him a hot rum and cider in the bar afterward and asked how he had gotten into Nordic skiing. He told me his father was in the U.S. Army’s 10th Mountain Division in Colorado and he basically grew up on skis. He excelled in high school and was considered an Olympic hopeful. In his senior year, he got into a terrible car wreck and all the doctors told him he might not walk again much less ski! He decided “Screw you doctors, I’m not only going to walk but I will ski.” He was never good enough to be an Olympic competitor in Alpine skiing but excelled in Nordic, not only in the five, 15 and 30-kilometer races but also in the biathlon, where you ski several kilometers with a rifle on your shoulder then flop down in the snow, shoot at a  number of targets, get back up and do it all over again! He was on the US Olympic team competing in three Olympics, 1964, 1968, and 1972. He was currently the head coach of the US Nordic Olympic Ski team! That’s when I realized why the name sounded familiar!

Meanwhile back at the cabin, it was a weeklong party with a number of funny situations happening. One evening while cleaning up from dinner, Bill, one of our houseboat buddies, was loading the dishwasher. He had just finished filling the soap dispenser with liquid hand dishwashing detergent. My girlfriend saw what he was doing and told him he had to use the powdered automatic dish washer detergent, so he put that in as well. She told him he had to get the liquid out of there or it would foam all over the place. He assured her that he knew what he was doing and hit the start button. We all began play ing Scrabble in the dining room as the dishwasher was humming away in the kitchen. I was facing the kitchen door and pretty soon this wall of soap suds started oozing out of the dishwasher and creeping across the floor toward us. It was
about a foot and a half high and looked like something out of a 1950s science fiction movie! I kept quiet waiting for a reaction from someone and pretty soon one of the girls screamed. We all suspended
the game to watch Bill clean up the mess and bail out the dishwasher.  This was much more fun than Scrabble.

The funniest incident happened on Thanksgiving Day. Our friend Paula volunteered to roast the turkey. Now Paula is a dear sweet person whom I think took too many drugs back in the 1960s. However, we knew she was a good cook, so we were happy to let her do it. We all retired to the living room expecting delicious aromas to eventually emanate from the kitchen. Instead we hear this Crash! Bam! Screech! Bam! Crash!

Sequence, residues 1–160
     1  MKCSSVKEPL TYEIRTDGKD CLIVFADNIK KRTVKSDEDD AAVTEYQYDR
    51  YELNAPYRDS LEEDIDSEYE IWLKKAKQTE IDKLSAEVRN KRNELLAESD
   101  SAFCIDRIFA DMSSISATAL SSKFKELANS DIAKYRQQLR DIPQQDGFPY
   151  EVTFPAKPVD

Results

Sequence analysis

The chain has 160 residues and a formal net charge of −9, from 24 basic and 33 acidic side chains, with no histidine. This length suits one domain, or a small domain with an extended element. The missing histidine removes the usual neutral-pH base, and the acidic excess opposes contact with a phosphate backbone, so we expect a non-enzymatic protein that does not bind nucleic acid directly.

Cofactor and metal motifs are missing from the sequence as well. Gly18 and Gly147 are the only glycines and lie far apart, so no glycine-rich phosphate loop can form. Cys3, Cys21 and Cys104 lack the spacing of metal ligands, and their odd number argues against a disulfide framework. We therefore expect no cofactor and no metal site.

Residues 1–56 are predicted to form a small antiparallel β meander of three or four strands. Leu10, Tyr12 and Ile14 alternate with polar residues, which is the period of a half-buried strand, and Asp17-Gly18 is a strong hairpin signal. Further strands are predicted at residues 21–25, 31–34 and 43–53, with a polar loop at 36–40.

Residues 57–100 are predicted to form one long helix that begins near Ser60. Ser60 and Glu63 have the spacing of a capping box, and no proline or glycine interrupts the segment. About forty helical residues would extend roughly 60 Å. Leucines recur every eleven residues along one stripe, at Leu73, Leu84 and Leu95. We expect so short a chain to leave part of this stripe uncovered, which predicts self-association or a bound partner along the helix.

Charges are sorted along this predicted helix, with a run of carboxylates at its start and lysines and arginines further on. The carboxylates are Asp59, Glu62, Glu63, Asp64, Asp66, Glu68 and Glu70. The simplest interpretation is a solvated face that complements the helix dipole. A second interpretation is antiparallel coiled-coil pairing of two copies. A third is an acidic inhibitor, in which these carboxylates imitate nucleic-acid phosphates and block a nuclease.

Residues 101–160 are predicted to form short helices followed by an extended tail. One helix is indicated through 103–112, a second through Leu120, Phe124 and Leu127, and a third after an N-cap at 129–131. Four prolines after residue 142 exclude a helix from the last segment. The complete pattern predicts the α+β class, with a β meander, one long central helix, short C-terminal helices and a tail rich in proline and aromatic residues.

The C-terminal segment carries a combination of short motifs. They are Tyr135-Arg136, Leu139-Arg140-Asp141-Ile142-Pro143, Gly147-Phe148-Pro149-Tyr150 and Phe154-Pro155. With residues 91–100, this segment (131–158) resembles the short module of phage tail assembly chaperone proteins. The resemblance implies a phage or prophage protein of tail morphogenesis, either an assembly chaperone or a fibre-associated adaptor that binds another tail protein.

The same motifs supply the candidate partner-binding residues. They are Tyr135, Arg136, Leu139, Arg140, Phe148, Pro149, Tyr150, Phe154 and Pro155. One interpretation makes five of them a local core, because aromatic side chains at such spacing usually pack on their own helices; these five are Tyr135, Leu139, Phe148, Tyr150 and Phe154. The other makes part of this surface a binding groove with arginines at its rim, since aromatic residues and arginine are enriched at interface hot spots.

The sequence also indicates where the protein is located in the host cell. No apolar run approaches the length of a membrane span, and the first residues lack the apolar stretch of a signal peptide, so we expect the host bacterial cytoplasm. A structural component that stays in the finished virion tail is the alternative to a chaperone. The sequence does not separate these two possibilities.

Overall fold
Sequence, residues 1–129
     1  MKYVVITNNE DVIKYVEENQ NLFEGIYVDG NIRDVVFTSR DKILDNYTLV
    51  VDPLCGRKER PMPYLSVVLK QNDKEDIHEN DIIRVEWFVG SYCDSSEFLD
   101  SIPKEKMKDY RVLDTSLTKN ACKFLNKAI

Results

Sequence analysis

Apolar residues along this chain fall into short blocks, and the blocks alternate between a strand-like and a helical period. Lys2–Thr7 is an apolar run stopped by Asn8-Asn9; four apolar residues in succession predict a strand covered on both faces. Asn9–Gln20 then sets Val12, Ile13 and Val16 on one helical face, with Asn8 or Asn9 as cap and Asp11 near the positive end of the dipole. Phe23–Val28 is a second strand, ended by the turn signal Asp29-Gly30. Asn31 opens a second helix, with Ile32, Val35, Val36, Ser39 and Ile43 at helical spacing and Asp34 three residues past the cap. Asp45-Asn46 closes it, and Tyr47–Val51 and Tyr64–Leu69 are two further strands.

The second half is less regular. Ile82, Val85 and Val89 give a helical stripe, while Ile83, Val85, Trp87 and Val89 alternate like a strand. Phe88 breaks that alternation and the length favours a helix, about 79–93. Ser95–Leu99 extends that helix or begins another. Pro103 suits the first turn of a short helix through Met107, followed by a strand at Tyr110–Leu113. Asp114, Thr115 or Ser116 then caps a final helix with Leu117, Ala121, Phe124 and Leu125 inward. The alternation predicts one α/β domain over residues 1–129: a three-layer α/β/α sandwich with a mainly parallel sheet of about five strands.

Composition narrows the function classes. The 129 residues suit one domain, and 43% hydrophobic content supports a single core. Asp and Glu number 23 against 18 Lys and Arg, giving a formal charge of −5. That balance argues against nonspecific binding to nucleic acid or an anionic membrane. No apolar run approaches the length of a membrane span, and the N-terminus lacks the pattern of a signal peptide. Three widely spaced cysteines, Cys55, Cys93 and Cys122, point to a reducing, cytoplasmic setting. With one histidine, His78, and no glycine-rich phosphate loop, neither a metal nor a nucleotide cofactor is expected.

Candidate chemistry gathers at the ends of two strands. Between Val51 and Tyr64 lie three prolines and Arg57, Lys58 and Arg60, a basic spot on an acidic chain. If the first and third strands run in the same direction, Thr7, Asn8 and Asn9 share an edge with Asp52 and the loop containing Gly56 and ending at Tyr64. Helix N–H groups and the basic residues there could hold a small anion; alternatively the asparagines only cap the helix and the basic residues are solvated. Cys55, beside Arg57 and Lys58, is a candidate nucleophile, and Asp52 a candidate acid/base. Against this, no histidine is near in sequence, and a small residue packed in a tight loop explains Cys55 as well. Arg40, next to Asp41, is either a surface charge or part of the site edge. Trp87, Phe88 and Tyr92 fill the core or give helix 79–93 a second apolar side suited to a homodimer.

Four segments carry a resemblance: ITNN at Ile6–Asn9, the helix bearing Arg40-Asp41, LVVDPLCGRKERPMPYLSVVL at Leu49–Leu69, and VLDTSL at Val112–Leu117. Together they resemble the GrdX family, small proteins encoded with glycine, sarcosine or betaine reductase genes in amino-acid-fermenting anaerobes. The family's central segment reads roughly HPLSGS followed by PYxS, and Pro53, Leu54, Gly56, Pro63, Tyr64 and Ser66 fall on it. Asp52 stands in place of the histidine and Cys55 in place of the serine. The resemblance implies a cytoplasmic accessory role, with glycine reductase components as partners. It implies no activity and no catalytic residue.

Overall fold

Upon investigating we saw Paula attacking the oven with a tire iron! We got the weapon away from her and she tearfully explained that she was unfamiliar with this stove, so after setting the temperature at 350
degrees and the oven timer at four hours she mistakenly hit “Self- Clean” instead of “Start.” The oven door automatically locked and would stay locked for the next five hours while the temperature went up to 1,200 degrees and turned every bit of organic matter inside the oven, including our turkey, into a fine gray powder which you could easily vacuum up. She was desperately trying to get the oven door open without alerting us that there was a problem and thought the tire iron was the solution.

Now my brother Haik had run a successful marina with bar and restaurant for years, so he had seen almost every problem imaginable. He simply went over to the breaker box on the wall in the utility room, pulled the master switch turning off all the power in the house, waited 30 seconds and turned it on again. Every clock, TV, VCR, and timer in the house began flashing zeros, including the oven timer. He went over to the oven and opened the door!

Thanksgiving makes us think of things we are thankful for and that one really made me happy that I had a bunch of good friends and a talented resourceful brother!
In memoriam:
Capt. Haik Mendes, 1955-2015
Mike Gallagher, 1942-2013